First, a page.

LOVECRAFT’S MONSTERS did a great job creating stories inspired by Lovercraft’s creatures
Photo: Scott Edelman
At IT’S A BINARY WORLD
2.0, Eric Mesa enjoys his first exposure to the Lovecraft Mythos with Ellen Datlow’s LOVECRAFT’S MONSTERS.
My rating: 4 of 5 stars
As usual for an anthology I will post my status updates per story. Before I get to that, I wanted to note that this is the first time I’ve read anything Lovecraftian. (There were Eldritch horrors in the first couple Discworld books, but I had no idea what that was at the time) I think these authors did a great job creating stories based on or inspired by his creatures. If, like me, you’re a Lovecraft neophyte, be sure to read the introduction as it helps explain some of the concepts. And now the stories:
“The Same Deep Waters as You – Lovecraft as a metaphor for the war on terror, gitmo, considering others as less than human, etc. Also, what a horrific ending. HOLY MOLY!
“A Quarter to Three : Fun, more unpredictable on its own. But at this point in the anthology I have a good feel for what Innsamouth means.
“The Dappled Thing – I think this is my favorite story so far. A steampunk journey into the jungle to find the daughter of some important Lord. Mostly written in a great Victorian manner as they trek through the jungle. The Lovecraftian element is almost absent until the end when it makes for a chilling ending.
“The Bleeding Shadow” – “gave the hotel the gander. It was nice looking if you were blind in one eye and couldn’t see out the other.” – I love phrasing like that.
A noir Private Eye with Lovecraftian elements. Also, dunno if I’ve just been living under a rock, but never read a noir private eye story with an African American as the PI in the 50s. It was a neat change from the usual while still keeping lots of the tropes.”
Ellen Datlow binged on blintzes with Scott Edelman on the podcast EATING THE FANTASTIC.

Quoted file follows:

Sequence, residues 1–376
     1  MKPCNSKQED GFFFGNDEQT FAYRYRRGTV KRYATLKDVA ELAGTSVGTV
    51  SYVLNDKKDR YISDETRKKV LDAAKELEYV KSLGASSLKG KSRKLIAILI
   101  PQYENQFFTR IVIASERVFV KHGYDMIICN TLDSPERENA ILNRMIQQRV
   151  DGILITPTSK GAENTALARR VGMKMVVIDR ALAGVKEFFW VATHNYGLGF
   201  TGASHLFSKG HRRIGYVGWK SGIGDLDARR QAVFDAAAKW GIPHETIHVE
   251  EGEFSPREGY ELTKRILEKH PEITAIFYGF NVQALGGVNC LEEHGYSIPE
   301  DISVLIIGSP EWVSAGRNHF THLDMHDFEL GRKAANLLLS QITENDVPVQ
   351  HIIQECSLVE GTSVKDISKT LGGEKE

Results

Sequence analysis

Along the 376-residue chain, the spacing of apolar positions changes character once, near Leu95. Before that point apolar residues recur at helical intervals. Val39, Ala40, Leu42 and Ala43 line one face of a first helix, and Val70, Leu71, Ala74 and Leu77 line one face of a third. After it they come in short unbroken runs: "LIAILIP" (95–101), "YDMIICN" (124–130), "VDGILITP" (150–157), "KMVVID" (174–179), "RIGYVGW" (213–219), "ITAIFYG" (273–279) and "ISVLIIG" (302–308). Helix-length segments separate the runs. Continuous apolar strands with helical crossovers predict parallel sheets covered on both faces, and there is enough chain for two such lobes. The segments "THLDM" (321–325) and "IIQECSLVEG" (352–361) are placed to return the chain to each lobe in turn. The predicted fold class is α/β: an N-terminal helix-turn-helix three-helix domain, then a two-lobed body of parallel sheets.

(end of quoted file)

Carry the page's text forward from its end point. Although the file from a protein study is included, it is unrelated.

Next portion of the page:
My wife has been attending the New Jersey Romance Writers Convention for decades, and for many years, I’ve been tagging along, using that trip as an excuse to head into Manhattan and hang with friends. The most recent trip was different from all the rest, though, in that now, I have a podcast (one which you can help grow bigger and better via your Patreon support), which means you can eavesdrop on all those lunches and dinners.
This first to be recorded this visit took place at the Ukranian restaurant Veselka, which turns out more than 3,000 pierogi each day, and has been around since 1954. My guest that afternoon was editor Ellen Datlow, who for more than 35 years has brought readers amazing stories in magazines such as Omni, on sites such as SCI FI Fiction, and in anthologies such as Fearful Symmetries, The Doll Collection, and more than 90 others.
We discussed why reading slush is relaxing, which editors she wanted to emulate when she began editing, how she winnows down her favorite stories for her Year’s Best anthologies, the complexities of navigating friendships when making editorial decisions, how Ed Bryant challenged her to become a better editor, and much more.
In an interview with Stephanie M. Wytovich at JOIN ME IN THE
MADHOUSE, Erik Hofstatter lists the books on his to-be-read pile.
drunk on Gary McMahon, but these books dominate my bedside cabinet:
THE NAMELESS DARK by T.E. Grau, PRINCE LESTAT AND THE REALMS OF
ATLANTIS by Anne Rice, A LONG DECEMBER by Richard Chizmar, CLIVE
BARKER: THE DARK FANTASTIC by Douglas E. Winter, NIGHTMARES: A NEW DECADE OF MODERN HORROR by Ellen Datlow and so on. You could built an
igloo with my TBR pile.
For more info about LOVECRAFT’S MONSTERS, visit the Tachyon page.
Cover and illustrations by John Coulthart
For more info about NIGHTMARES: A NEW DECADE OF MODERN HORROR, visit the Tachyon page.
Cover by Nihil
Design by Elizabeth Story